IRS, Lockheed fight over R&D “rocket science” tax break

WASHINGTON, Fri Jan 25, 2013 — Lockheed Martin Corp. is challenging the U.S. government in court over $13.6 million in research tax credits in a case that tests the often hazy line between research and production, with future R&D claims by other companies possibly at stake.

The aerospace group argued in December in U.S. District Court that the Internal Revenue Service had wrongly rejected research tax credits Lockheed claimed for two projects: a space rocket launcher and a New York City surveillance system.

The IRS disallowed Lockheed’s claims in May 2012. Lockheed has challenged the IRS’ position that some retroactive R&D credit claims were impermissible because they involved costs not for research, but for making prototypes resulting from research.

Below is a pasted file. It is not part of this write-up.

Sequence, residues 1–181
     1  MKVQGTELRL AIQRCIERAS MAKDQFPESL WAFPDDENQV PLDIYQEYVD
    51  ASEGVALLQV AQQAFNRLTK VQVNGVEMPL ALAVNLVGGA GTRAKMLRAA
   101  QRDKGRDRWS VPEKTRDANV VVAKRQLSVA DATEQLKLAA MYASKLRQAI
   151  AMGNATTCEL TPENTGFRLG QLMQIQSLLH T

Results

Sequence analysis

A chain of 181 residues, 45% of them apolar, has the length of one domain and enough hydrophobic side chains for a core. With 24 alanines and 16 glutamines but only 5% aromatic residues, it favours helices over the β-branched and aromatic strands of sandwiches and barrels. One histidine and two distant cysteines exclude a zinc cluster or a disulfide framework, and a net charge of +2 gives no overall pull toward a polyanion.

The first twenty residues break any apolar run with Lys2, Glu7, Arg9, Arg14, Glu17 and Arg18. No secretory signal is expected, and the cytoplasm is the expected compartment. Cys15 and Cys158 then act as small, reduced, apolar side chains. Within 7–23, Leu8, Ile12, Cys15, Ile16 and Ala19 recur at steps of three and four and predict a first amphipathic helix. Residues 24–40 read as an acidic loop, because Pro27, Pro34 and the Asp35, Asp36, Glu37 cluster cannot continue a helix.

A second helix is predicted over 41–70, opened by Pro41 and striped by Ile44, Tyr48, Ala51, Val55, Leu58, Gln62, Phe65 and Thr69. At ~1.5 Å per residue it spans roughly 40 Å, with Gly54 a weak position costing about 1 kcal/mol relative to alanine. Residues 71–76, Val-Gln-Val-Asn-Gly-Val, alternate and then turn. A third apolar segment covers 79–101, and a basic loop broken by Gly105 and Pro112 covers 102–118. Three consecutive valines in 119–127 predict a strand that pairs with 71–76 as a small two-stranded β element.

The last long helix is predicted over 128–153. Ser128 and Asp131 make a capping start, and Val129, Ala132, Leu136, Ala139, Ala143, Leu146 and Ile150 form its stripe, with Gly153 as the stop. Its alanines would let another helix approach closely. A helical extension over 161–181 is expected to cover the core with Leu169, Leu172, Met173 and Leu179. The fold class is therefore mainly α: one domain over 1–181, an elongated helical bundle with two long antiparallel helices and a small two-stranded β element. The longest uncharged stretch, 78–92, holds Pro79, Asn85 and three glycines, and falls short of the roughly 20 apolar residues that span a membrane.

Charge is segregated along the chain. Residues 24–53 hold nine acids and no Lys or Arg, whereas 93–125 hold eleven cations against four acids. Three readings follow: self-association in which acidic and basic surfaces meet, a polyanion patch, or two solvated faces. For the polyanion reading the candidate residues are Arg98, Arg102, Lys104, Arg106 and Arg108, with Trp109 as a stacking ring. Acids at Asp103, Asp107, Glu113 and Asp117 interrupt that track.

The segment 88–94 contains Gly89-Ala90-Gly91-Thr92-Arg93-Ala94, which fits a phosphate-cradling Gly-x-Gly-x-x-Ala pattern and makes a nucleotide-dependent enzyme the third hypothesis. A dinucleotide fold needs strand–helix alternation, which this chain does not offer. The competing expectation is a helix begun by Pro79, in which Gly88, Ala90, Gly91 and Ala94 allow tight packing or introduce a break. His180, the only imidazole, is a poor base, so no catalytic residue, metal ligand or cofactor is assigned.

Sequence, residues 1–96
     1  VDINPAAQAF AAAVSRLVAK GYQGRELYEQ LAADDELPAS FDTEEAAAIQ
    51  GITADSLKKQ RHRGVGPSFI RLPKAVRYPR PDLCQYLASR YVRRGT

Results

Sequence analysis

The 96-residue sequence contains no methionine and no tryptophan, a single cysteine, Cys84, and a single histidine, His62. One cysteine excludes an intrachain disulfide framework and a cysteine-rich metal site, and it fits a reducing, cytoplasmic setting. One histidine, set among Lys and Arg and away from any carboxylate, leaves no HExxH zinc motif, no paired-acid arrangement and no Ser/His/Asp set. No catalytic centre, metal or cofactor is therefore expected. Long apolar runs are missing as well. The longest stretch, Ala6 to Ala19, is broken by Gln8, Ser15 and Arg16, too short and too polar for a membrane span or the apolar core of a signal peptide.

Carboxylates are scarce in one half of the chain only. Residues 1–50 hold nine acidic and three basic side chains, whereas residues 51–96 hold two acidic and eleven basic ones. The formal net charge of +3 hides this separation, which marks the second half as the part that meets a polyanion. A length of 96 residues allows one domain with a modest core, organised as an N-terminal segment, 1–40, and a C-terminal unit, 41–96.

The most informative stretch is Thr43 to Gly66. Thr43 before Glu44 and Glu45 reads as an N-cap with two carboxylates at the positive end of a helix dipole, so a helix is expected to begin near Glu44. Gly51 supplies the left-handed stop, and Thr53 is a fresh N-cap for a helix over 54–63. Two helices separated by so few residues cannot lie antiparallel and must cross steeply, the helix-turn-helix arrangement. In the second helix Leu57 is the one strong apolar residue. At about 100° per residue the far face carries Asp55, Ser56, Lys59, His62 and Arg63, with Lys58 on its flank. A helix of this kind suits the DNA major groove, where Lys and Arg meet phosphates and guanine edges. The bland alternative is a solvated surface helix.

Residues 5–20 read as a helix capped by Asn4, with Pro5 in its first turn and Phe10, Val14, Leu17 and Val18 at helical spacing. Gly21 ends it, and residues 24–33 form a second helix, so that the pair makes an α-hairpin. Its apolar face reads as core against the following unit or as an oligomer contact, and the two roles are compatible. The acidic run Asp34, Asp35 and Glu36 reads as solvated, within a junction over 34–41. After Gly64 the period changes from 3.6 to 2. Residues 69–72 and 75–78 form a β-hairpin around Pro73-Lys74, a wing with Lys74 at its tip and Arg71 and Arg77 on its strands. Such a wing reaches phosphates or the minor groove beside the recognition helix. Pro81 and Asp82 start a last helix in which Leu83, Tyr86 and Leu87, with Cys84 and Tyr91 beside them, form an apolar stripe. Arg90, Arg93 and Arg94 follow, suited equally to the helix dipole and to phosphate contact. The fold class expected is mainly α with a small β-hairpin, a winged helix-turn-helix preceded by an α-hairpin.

Lockheed said in its court filing that some of the credits were claimed for prototypes, but argued that the designs were new and unproven and should qualify as research.

“With Lockheed, you have the actual question of whether this is rocket science,” said William Schmalzl, a partner at the law firm Mayer Brown with clients facing similar issues.

The case also draws attention to the timing of R&D credit claims. Lockheed’s 2012 claims on the rocket launcher and surveillance system projects were both made retroactively for tax years 2004 through 2007, according to its court filing.

While retroactive claims are frequently allowed, they tend to attract closer IRS scrutiny, tax lawyers said.

When a credit is sought retroactively, “you really aren’t relying on it as an incentive” to do research, Schmalzl said.

Maryland-based Lockheed, a top Defense Department supplier, declined to comment. The IRS also declined to comment.